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Fall Planting for Potatoes? Anyone doing/done this?

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Fall Planting for Potatoes? Anyone doing/done this?

Postby klr650teach » Nov 08, 2011 11:20 am

Has anyone with freezing cold winters tried planting spuds in the garden over the winter like that of garlic?

Do the spuds produce anymore? Do they produce larger potatoes than those planted in the spring?

I've just started incorporating a heavy mulch on the garden with wood chips as a top dressing. With the extra insulation the wood chips will provide I'm wondering if this might work? Anyone got any ideas? Advice?

Teach.....
Penticton, BC in the Sunny Okanagan Valley. Zone 5a
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Re: Fall Planting for Potatoes? Anyone doing/done this?

Postby davefrombc » Nov 08, 2011 11:51 am

Potatoes will produce volunteer plants and crops from tubers missed at harvest time , but they don't outproduce plants from spring planting . You would not gain any advantage from fall planting , and I suspect just the opposite since potatoes are grown from cut up tubers. There would likely be a high loss from them rotting over winter , and if fall planted too soon , they would sprout and then be killed by the frost.
Some crops like garlic, are fall planted because of their natural life cycle requires that for best growth. It is the same with flowers like tulips , daffodils and related bulb producing flowers. They require the fall planting and initial rooting phase and dormancy to produce the best flowers and spring plants.
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Re: Fall Planting for Potatoes? Anyone doing/done this?

Postby klr650teach » Nov 08, 2011 12:11 pm

Thanks Dave. I was actually thinking of using a whole potato rather than cut up tubers. Thinking that the whole one would survive better. Anyhoo, I suspect that it is not worth pursuing. If I were living on the Island or the Peninsula it might be worth a try. Thanks Dave.

Teach
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Re: Fall Planting for Potatoes? Anyone doing/done this?

Postby hydroponics » Jan 24, 2012 9:20 am

Fall is bulb planting time, It also can be potato planting time. Flower bulbs in early fall; seed potatoes, late fall. One big difference between them though--flower bulbs should be planted before sprouting. Seed potatoes after sprouting. Besides furnishing a delicious spring vegetable, fall planting does other good things for the garden:

1) Early spring growth beats the weeds and later the spreading vines smother many spreading vines.

2) Spring months usually have the cool soil and the 1" of rain per week potatoes need and summer months often lack. The tubers grow best with cool soil conditions. This year my fall planted potato crop had many more baking size (4" and up) than the Spring planted ones I have been digging now.

Fall planted potatoes will be ready to dig in time to plant a follow-up crop in rows already dug ready to plant.

Before tilling put down 1-1.5 lbs. of acid type fertilizer and 1 lb. of magnesium sulfate (Epsom Salts) plus about 1/2 cup of sulfur per 20' row. Dig an 8"-10" deep ditch on one side. For two rows dig two narrow 8"-10" deep drainage ditches 5' apart and between them two 8" deep furrows 30" apart . Throw the dug soil onto the center area to be available to hill up around the growing stems next spring. Fill the ditches and furrows with the cuttings of your fall grass and leaves, other shredded mulch or straw .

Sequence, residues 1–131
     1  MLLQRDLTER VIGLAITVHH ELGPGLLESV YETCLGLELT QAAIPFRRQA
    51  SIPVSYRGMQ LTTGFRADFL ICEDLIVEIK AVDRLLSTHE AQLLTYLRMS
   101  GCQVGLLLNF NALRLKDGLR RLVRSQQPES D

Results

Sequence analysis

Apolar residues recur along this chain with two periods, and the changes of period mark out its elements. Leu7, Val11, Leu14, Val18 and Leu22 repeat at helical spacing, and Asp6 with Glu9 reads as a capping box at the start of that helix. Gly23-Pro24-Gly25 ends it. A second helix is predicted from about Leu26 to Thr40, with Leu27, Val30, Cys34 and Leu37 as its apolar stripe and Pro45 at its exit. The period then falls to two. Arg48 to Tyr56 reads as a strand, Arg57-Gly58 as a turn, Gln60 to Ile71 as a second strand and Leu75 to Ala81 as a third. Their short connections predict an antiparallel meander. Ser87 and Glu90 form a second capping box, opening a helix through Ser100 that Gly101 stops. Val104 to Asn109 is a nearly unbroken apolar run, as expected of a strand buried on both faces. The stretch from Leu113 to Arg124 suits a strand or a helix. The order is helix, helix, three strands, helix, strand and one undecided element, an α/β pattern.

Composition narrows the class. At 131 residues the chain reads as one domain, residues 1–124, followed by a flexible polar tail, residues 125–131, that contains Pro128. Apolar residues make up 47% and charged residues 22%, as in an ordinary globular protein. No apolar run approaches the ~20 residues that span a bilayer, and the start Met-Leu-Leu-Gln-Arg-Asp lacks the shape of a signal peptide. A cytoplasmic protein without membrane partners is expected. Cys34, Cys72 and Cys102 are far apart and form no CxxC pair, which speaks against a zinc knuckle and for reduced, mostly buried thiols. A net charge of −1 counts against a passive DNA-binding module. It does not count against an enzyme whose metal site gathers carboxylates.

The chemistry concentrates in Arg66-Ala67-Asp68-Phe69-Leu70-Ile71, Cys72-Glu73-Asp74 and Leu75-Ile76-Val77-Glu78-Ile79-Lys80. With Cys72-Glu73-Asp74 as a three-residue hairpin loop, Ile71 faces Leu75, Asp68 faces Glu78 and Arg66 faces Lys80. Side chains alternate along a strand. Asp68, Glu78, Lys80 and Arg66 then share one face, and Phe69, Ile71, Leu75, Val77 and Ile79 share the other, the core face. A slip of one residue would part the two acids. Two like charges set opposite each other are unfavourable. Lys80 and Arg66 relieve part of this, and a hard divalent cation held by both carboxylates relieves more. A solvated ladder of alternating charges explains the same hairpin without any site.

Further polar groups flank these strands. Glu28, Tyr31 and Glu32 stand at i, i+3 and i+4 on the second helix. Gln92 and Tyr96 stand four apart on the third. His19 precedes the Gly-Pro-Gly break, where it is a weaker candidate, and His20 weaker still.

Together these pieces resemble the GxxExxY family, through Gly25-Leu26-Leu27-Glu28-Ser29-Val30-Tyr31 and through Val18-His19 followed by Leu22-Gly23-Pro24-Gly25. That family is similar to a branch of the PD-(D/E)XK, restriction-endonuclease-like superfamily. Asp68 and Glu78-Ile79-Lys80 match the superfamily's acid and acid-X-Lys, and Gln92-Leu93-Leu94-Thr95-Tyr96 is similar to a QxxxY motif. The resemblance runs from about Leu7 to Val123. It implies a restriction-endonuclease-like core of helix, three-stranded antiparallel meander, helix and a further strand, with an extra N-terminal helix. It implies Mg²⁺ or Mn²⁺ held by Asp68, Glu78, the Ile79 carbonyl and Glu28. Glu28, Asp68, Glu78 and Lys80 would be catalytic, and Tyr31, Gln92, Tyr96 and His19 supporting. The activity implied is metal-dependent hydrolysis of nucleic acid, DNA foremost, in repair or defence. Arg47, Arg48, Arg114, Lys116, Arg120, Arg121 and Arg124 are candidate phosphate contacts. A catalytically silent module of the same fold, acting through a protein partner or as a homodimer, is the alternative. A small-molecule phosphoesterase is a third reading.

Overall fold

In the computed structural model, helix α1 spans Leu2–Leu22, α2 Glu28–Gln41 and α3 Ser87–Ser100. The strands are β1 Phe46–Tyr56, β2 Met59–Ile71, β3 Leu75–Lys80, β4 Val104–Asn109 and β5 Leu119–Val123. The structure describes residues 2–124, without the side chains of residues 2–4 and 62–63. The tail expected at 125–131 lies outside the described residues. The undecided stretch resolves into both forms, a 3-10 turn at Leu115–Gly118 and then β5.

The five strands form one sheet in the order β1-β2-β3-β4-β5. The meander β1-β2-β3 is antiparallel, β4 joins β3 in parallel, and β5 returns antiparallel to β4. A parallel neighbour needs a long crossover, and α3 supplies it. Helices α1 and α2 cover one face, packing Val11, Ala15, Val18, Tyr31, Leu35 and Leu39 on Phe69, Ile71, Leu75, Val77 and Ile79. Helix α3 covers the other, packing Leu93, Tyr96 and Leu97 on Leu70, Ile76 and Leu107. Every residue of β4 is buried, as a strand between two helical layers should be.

When the potatoes sprout, ideally when sprouts are 1/4" out, you are ready to cut your seed. The pieces should be about1.5-2 ozs--about the size of a small egg. Small potatoes about that size can be planted whole. The cut pieces should be block shaped-no thin slices- with at least one eye or sprout but two are preferred. When cutting larger potatoes it is preferable to make a lengthwise cut at the top to divide the sprouts that usually cluster there, then make crosswise cuts to divide the rest into two-eye or one-eye blocks. Try to have a part of the center core of the potato in each piece. One pound of potatoes should produce 8-10 seeds.

The furrows should be about 8" deep so that the seed will have 4" of soil and 4"-6" of mulch over them .Space the seed10" to 12" apart. Gently firm 4" of soil over them, then about 6" of mulch. Put some long sticks in by the seed so when you get curious in early March you can check one without digging up the row.

When new growth reaches 4"-6" begin to cultivate and hill up around the stems. Don't cover the leaves. Continue to hill up as you cultivate . By the time the stalks are 14"-16" tall you should have 6"-8" hilled up. The stems under the earth will be sending out fine stems with tiny tubers so cultivate carefully.
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Re: Fall Planting for Potatoes? Anyone doing/done this?

Postby Eeyore » Jan 24, 2012 1:47 pm

Hi hydroponics and welcome to our site! Please note, when copying and pating information from another website that you should identify the source of the material. In this case it appears you have copied and pasted from Wisegeek. We don't mind you sharing information but please give credit where it is due.

Thanks! :D
Lyn
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“Those who say it can't be done are usually interrupted by others doing it.” ` James Arthur Baldwin"
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